DRC - REDD 54 -1936-1288

FAQ : What is artisanal logging, and how much does it contribute to deforest DRC?

 

Artisanal logging is defined as a series of operations carried out, with or without permits, by individual small-scale millers whose main purpose is to supply sawnwood to the domestic market[1]. In addition, artisanal loggers also supply east African and Asian markets (see FAQ: Who buys Congolese wood?).  It is also worth noting that there has been an important misappropriation of artisanal logging permits by companies, especially in the Bandundu province[2].

This sector, which mainly operates in forests near access routes and provides jobs and income to its rural workers, offers inexpensive products to the urban consumer and thus is complementary to logging concessions. There has been a substantial increase in artisanal timber production over the last 15 years due to a growing demand for construction timber due to urban population growth and a relative increase of the purchasing power of certain urban classes.

This sector is largely informal because of legal loopholes and the dubious process for granting small-scale logging permits (Permis de Coupe Artisanale (PCA), especially in the Orientale province[3].

Artisanal forest exploitation has been described as “one of the most worrying causes of deforestation in DRC”. [4]

Over 90% of timber extracted in DRC comes from artisanal and informal logging. A CIFOR-CIRAD study in 2014 estimated the volume of artisanal logging to 3 million cubic meters (m3) of round wood. [5]

Although the footprint of logging concession is considered low (see FAQ: What is the contribution of logging concessions to deforestation and forest degradation ?), the artisanal sector can be potentially detrimental. It already harvests ten times as much as the industrial sector without taking into consideration the exponential population growth presented before (see FAQ: What contributes most to deforestation and forest degradation in DRC?). The map below as well as the historical evolution observable on the Global Forest Watch site clearly show the increase in forest clearings around main infrastructure and urban settlements where artisanal loggers operate, in combination with shifting cultivation and fuelwood extraction.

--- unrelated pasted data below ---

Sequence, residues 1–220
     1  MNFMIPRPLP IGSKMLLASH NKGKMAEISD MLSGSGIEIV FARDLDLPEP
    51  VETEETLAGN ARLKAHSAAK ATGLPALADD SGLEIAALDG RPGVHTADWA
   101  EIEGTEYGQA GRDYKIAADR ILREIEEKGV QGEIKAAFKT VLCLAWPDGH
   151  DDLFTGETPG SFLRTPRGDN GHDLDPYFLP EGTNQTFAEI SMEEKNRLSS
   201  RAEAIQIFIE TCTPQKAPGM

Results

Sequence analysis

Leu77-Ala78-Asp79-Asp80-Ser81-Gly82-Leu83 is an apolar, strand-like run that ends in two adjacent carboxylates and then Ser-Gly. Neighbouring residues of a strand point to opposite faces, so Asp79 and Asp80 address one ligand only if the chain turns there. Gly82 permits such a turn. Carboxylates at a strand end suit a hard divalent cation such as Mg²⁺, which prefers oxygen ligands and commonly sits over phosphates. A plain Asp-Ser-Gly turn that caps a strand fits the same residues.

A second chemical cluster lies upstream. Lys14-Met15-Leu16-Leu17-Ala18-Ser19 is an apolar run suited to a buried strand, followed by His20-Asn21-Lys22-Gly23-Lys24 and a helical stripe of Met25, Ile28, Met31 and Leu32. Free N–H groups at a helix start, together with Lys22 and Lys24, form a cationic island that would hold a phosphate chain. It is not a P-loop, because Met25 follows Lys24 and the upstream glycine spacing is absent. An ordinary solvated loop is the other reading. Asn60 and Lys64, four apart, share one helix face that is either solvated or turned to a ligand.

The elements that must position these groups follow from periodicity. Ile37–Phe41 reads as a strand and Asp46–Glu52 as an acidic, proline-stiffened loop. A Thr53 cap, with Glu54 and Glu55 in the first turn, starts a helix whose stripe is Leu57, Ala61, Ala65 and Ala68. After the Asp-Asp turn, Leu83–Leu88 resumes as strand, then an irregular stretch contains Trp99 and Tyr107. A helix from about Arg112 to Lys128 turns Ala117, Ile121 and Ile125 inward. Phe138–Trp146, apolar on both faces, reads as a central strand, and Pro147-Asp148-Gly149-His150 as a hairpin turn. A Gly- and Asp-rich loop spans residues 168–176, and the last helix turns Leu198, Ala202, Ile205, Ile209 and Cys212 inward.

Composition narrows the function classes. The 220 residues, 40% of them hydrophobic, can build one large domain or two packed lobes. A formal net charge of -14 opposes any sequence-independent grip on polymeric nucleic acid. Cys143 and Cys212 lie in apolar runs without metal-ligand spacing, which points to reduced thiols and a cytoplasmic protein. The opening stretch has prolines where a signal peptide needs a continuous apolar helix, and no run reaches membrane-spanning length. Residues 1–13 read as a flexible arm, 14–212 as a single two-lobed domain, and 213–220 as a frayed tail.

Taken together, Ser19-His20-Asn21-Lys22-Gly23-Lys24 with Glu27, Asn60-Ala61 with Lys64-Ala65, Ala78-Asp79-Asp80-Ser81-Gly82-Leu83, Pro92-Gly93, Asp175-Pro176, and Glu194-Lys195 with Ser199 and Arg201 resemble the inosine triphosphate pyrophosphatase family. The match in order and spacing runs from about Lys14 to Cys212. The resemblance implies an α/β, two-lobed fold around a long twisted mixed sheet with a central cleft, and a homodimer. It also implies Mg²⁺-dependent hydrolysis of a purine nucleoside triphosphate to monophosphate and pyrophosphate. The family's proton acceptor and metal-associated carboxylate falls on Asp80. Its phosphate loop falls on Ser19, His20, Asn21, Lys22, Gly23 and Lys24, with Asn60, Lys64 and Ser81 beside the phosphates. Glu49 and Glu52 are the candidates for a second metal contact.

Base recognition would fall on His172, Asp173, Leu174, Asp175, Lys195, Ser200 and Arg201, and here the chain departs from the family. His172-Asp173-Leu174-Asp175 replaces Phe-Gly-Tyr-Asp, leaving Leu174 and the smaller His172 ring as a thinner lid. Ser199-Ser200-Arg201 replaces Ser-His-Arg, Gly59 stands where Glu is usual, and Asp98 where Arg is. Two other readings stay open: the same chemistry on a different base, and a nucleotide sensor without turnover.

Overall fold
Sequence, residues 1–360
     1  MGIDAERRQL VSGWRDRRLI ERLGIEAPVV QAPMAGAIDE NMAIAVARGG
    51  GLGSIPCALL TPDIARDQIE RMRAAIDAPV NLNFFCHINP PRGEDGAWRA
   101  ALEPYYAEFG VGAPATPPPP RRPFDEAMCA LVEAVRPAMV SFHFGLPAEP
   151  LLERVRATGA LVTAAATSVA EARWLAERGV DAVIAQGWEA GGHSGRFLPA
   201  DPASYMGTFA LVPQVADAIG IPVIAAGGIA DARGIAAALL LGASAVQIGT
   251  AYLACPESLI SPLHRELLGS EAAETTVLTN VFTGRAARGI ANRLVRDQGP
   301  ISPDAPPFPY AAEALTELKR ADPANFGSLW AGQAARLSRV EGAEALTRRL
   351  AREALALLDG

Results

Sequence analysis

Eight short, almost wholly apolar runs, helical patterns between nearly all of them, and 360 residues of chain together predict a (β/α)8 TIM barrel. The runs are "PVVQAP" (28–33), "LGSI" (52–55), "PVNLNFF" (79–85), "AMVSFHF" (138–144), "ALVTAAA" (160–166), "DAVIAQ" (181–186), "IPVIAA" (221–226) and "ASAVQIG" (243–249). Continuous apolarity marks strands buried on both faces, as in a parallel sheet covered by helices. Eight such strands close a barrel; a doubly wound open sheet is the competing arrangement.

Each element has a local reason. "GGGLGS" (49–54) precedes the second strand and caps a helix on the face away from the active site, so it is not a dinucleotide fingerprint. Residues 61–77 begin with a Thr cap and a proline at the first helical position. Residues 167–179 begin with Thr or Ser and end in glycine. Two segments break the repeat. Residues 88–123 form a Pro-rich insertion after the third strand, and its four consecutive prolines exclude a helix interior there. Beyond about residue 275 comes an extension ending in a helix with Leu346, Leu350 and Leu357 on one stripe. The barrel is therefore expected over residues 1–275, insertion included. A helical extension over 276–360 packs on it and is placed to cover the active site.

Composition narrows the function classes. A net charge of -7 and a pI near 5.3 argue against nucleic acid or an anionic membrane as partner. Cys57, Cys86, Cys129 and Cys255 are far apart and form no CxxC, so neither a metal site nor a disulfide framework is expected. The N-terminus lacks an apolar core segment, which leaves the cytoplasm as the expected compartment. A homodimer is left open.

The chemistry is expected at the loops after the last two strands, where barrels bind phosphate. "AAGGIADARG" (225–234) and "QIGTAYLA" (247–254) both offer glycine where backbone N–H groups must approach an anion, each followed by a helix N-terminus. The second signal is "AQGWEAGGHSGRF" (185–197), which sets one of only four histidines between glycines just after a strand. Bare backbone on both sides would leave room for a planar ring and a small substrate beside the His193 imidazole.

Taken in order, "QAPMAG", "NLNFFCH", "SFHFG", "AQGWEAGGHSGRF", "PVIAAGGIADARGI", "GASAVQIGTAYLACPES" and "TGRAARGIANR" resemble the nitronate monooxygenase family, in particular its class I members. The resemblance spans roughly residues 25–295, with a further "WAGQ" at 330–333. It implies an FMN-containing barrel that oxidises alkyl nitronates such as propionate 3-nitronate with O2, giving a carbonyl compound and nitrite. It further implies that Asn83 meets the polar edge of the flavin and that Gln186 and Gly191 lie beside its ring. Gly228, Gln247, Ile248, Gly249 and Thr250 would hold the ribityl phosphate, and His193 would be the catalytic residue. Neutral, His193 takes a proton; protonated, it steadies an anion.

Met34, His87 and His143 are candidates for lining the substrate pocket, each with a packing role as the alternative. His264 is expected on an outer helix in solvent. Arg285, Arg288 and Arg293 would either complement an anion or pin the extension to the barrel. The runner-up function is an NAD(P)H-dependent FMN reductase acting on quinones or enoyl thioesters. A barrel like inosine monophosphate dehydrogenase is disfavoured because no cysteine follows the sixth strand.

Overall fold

Figure 2 - Map

 

[1] Lescuyer 2014. The domestic market for small-scale chainsaw milling in the Democratic Republic of Congo CIFOR

[2] Greenpeace, 2012, 2013. Global Witness, 2012

[3] Lescuyer 2014. CIFOR

[4] Managing a valuable resource : policy notes on increasing the sustainability of the DRC’s forest production. World Bank, 2015.

[5] Lescuyer G, & al. 2014. The domestic market for small-scale chainsaw milling in the Democratic Rep of Congo, Occasional Document 110. CIFOR, Bogor